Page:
User_Street_Address
User_City
User_Country

Instead of splitting the CSV file into these different columns so that we can import the data, we can use LOAD DATA INFILE to process the column data for us:

LOAD DATA INFILE '/path/to/example.csv'
INTO TABLE `user`
FIELDS TERMINATED BY ',' 
ENCLOSED BY '"'
LINES TERMINATED BY '\n'
IGNORE 1 ROWS
(`Username`, `User_Email`, @User_Address, @User_Contact)
SET `User_Country_Code` = SUBSTRING(@User_Contact, 1, 3),
`User_Phone` = SUBSTRING(@User_Contact, 5),
`User_Street_Address` = SUBSTRING_INDEX(@User_Address, ",", 1),
`User_City` = SUBSTRING_INDEX(SUBSTRING_INDEX(@User_Address, ",", -2), ",", 1),
`User_Country` = SUBSTRING_INDEX(@User_Address, ",", -1);

Essentially, what’s happening above is that:

  1. Instead of assigning every column directly to a field, we assign the last 2 columns to variables @User_Address and @User_Contact (highlighted green above);
  2. Then, using the SET keyword, we set the algorithms that determine the values of each field (highlighted yellow above). The SQL SUBSTRING() and SUBSTRING_INDEX() functions are used to extract parts of the string from @User_Address and @User_Contact.

Unlike most other programming languages, the first index of a string is numbered 1 — not 0 — in MySQL. This means that, for example, to capture the first character in a substring in SQL, we would use SUBSTRING(@str, 1, 1) instead of SUBSTRING(@str, 0, 1).

After running the above query, the CSV data should be input nicely into our database table as follows:

User_IDUsernameUser_EmailUser_Country_CodeUser_PhoneUser_Street_AddressUser_CityUser_Country
1johndoejohn@example.com+659123456771 Pickering StreetSingaporeSingapore
2janedoejane@website.com+658123456724 Raffles LaneSingaporeSingapore
3marysmithmary@smith.com+659765432183 Riveting RoadSingaporeSingapore
4bobsmithbob@smith.com+658765432184 Riveting RoadSingaporeSingapore

Common issues and errors

Here are some of the common errors that people run into when using LOAD DATA INFILE:

  1. For Windows machines, note that when you’re copying filepaths, the system will always use a \ as a directory separator by default. In MySQL strings, the \ is an escape character, so you’ll need to double up the character for it to be read properly in a string (for e.g. C:\users\john becomes C:\\users\\john). Alternatively, you can replace all \ with the more conventional / to get C:/users/john.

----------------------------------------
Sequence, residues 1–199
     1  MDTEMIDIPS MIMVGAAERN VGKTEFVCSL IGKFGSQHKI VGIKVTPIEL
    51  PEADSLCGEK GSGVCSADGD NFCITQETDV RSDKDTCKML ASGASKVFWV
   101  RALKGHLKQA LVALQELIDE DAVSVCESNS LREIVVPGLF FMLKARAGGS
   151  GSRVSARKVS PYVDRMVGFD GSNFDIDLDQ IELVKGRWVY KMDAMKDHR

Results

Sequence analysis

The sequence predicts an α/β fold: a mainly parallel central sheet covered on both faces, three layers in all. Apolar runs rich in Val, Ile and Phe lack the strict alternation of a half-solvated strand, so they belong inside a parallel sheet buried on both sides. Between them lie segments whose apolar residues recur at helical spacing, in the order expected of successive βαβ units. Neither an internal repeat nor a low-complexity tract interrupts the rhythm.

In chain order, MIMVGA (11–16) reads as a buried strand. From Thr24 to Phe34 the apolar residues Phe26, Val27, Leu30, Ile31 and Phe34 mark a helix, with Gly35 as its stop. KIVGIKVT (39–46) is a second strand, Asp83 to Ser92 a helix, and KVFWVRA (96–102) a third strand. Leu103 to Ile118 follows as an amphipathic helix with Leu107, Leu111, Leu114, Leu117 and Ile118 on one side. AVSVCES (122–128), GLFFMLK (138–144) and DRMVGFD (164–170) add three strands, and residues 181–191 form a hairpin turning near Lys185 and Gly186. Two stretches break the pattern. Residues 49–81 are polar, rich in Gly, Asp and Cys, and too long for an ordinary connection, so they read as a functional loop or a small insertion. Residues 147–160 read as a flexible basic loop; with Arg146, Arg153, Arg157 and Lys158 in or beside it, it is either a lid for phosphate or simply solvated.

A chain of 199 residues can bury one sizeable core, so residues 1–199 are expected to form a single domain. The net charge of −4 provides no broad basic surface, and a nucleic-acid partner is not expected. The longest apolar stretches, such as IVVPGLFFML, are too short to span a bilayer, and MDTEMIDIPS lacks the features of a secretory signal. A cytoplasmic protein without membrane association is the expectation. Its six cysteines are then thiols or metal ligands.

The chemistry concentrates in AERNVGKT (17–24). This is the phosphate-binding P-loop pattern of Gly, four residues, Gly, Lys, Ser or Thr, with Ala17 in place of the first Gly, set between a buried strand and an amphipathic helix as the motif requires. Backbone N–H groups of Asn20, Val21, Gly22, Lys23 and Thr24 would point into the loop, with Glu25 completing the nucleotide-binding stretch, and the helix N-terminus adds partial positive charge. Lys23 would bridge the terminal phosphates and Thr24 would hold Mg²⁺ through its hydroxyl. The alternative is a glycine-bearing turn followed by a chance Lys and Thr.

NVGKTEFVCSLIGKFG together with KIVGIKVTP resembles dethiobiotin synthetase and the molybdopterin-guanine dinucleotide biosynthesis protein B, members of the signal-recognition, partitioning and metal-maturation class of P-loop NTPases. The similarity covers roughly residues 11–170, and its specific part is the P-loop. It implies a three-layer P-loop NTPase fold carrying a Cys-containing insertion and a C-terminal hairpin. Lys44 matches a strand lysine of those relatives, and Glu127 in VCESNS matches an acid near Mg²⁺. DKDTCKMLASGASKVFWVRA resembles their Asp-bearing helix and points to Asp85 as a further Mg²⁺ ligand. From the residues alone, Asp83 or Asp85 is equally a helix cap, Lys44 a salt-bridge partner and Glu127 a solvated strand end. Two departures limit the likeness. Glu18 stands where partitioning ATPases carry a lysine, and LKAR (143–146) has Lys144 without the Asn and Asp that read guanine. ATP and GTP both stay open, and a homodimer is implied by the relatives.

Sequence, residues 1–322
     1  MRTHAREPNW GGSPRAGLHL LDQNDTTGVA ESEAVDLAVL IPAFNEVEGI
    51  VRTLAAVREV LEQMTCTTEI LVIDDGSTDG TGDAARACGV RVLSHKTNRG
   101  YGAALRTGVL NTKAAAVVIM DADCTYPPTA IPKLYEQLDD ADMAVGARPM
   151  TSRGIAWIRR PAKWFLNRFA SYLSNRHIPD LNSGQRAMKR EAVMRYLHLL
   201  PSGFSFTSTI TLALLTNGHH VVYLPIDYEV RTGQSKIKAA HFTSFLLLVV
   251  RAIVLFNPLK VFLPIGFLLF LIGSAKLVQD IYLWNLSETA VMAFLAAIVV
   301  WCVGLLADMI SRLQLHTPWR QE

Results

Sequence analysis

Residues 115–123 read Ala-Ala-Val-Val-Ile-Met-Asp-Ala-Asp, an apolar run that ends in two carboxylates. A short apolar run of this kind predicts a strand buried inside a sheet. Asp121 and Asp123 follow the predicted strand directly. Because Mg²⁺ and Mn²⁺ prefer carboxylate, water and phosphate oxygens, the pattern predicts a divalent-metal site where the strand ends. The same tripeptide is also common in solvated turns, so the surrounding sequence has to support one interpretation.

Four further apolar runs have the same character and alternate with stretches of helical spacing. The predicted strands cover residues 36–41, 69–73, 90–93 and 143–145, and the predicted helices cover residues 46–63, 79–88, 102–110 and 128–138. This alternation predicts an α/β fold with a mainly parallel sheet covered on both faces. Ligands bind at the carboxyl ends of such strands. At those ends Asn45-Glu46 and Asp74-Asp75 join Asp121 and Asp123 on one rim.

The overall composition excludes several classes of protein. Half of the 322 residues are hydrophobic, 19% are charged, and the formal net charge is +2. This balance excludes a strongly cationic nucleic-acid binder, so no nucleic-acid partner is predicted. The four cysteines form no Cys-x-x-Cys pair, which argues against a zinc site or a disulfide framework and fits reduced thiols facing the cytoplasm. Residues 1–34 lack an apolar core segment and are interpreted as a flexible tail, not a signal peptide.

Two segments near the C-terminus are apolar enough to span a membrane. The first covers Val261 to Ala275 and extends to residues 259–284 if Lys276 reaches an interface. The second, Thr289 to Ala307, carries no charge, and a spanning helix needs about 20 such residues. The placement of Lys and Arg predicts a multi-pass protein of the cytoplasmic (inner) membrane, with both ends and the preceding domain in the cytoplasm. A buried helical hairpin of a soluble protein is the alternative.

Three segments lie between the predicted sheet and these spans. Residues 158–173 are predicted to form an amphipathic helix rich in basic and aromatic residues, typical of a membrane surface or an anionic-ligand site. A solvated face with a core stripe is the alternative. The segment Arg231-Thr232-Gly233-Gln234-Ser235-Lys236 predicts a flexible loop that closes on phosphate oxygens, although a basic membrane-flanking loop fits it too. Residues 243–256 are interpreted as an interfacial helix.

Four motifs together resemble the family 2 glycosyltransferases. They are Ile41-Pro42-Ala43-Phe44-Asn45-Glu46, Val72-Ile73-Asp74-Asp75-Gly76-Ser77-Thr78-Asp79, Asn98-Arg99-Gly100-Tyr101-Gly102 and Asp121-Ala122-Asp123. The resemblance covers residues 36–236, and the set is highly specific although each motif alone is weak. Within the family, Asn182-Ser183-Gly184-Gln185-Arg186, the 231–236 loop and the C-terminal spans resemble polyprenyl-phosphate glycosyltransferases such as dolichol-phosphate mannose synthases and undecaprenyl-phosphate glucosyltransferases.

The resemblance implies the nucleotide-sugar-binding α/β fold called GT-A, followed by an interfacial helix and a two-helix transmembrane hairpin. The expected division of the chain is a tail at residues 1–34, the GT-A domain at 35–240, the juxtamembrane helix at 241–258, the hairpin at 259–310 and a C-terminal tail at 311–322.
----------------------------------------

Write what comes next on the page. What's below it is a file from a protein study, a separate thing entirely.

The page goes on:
2. If the lines are not reading correctly, try replacing the newline character with the opposite set (i.e. \n to \r\n and vice versa). Sometimes, the CSV files you receive have been created in the other operating system, so they will not contain the newline character that is appropriate to your platform.

An escape character is a special character that is necessary for certain character entities to be represented in a string. Take for example the ' character, which is used to open and close strings in MySQL. For it to be represented in a string without closing the string, it will need to be escaped with a preceding \, e.g. 'Tommy \'s phone'. An escape character is also be used to represent characters that cannot be easily-represented otherwise, such as Tab or newline characters.

Conclusion

Have you run into any issues uploading your CSV file onto MySQL? Let us know in the comments below, so we can add them as solutions to this guide and help future readers.

This post has been made possible by our Patreon supporters below:

  1. Kayla Marie
  2. Amar AM7